This is an annual Omnium road race put on by the Albuquerque Sport Systems team as part of their USACycling licensure. It is a two day, three event race that allows riders to do one, two or all three events that are scored just like a cross country race with the highest placings receiving the lowest points with the goal being the lowest possible score. The Adoption Exchange Classic also supports with the profits an adoption agency called, you guessed it, the Adoption Exchange. Don't ask me about the name.
The first event, on Saturday morning, was the Road Race that takes place in the East Mountains of Albuquerque and centers on a climb that the locals call "Heartbreak Hill". I wasn't too worried because this was in Albuquerque--how hard could it be? Have they suffered up Narbona in a headwind? Have they hit Fat Bastard after a stop at Chu-chu's? Had they ever tried to climb anything while Chuck was alternatively throttling the pace and telling gut busting stories? But then I started to receive emails from the director with messages like "A few things to keep in mind the next time you tackle our own Heartbreak Hill @ the Adoption Exchange Classic:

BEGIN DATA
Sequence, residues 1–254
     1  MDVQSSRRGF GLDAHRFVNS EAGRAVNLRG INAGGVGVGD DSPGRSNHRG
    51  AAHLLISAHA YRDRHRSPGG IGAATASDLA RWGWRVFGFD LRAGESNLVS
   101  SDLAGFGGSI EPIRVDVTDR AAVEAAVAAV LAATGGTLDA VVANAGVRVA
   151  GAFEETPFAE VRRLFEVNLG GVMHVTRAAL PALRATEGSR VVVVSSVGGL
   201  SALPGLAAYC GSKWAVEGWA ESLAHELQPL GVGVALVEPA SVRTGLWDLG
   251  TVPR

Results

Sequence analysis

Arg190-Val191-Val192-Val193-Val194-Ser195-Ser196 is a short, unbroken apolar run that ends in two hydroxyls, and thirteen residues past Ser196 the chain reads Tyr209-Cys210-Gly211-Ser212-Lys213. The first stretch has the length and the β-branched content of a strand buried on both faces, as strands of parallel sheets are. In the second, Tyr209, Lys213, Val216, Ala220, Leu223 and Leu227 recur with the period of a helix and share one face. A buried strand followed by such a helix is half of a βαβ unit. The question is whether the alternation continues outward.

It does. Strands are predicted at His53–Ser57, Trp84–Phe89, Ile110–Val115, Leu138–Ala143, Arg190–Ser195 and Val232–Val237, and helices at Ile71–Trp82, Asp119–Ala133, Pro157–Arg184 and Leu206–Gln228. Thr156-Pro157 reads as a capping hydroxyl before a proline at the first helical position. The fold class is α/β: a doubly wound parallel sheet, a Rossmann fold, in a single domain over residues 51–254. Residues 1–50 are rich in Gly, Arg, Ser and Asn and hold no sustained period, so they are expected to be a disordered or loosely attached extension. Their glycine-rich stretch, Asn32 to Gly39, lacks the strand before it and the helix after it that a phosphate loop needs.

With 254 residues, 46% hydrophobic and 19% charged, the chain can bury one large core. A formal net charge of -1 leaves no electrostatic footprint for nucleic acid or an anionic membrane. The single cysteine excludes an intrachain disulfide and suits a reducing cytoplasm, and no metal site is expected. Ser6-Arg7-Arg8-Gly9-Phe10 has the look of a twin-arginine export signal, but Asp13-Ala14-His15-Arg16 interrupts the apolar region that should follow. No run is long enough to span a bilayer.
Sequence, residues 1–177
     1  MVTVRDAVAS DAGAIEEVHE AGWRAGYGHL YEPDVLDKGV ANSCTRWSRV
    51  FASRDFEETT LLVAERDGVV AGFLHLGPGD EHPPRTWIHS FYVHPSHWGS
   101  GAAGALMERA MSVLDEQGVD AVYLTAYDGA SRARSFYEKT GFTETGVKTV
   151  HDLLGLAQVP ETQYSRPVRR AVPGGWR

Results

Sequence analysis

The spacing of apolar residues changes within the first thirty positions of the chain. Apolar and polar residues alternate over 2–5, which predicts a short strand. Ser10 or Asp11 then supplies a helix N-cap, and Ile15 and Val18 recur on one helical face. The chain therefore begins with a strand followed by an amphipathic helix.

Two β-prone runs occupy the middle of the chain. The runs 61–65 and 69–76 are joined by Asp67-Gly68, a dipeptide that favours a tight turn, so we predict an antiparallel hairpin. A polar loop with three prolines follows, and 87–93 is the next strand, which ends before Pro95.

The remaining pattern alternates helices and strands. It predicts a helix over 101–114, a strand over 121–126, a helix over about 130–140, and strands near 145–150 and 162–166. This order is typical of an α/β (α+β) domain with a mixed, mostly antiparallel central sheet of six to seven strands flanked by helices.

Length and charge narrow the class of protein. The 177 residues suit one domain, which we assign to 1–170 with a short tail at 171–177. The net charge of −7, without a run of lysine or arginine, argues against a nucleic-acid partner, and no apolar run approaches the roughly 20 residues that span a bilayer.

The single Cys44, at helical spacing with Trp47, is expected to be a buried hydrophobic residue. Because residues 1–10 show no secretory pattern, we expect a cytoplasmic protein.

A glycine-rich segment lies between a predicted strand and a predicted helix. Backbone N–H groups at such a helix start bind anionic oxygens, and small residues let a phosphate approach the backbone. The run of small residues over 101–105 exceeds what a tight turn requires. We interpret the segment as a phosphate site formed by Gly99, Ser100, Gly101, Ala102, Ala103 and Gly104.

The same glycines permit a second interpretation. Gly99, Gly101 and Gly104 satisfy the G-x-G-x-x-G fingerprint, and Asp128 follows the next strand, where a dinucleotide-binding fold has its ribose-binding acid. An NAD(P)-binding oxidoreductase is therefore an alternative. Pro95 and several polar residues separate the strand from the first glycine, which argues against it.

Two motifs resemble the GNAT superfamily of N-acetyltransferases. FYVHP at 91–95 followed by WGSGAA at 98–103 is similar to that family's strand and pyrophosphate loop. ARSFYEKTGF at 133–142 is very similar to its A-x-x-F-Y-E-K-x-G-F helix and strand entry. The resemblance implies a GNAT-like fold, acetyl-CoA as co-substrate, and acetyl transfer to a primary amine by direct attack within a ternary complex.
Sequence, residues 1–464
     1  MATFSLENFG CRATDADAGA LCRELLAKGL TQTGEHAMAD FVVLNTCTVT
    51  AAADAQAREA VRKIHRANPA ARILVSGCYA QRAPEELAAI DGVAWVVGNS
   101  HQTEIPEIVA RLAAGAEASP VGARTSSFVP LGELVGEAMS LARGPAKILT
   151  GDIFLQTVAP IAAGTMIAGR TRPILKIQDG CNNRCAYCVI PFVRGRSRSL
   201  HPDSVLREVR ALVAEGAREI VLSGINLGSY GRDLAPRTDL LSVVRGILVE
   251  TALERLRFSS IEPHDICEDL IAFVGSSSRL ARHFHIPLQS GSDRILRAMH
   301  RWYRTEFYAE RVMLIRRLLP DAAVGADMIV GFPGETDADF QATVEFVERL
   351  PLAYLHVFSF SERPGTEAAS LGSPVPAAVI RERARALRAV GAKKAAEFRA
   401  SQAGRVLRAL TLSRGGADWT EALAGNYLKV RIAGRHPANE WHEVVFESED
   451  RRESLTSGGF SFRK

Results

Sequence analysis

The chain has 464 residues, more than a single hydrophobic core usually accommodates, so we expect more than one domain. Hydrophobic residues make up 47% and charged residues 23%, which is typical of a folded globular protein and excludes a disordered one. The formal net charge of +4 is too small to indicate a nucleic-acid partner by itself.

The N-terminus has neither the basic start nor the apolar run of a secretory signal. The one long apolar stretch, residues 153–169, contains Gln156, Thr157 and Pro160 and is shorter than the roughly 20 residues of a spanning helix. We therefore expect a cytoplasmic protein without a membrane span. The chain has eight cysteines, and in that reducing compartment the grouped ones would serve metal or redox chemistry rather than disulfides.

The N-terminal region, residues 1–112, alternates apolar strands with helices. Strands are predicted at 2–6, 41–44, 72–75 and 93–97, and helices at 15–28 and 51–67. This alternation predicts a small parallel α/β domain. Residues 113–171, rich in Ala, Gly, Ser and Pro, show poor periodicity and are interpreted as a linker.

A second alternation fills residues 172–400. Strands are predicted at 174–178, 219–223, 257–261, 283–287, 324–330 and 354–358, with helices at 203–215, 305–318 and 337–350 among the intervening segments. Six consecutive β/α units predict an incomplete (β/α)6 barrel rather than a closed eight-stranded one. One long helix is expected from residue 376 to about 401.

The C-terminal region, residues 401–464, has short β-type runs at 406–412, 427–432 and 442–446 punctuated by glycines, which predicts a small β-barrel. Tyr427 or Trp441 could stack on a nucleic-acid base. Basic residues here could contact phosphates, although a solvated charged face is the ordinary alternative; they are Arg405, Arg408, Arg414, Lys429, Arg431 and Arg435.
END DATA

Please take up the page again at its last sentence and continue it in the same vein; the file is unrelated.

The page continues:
a) Fear Of Pain Is Worse Than Pain Itself.
b) Embrace the experience and dial in a sustainable pace, and you'll find that it never feels as bad as you expect it to.
c) Go with Friends. You'll climb better in a group. Exercise physiologists call the phenomenon social facilitation--an athlete's ability to produce better efforts when observed by others (Don’t be insecure)."
These messages had the reverse effect as I started to get really excited for this climb. If the race director felt he had to psych people up who had already paid to climb this thing, "Heartbreak Hill" was going to decimate the field. I especially loved the last line about not being insecure...yeah, we're named after feral mutts. I'm pretty sure your exercise physiologists and their social facilitation haven't seen a lot of guys like the guys in this crew. Either way, we don't care too much.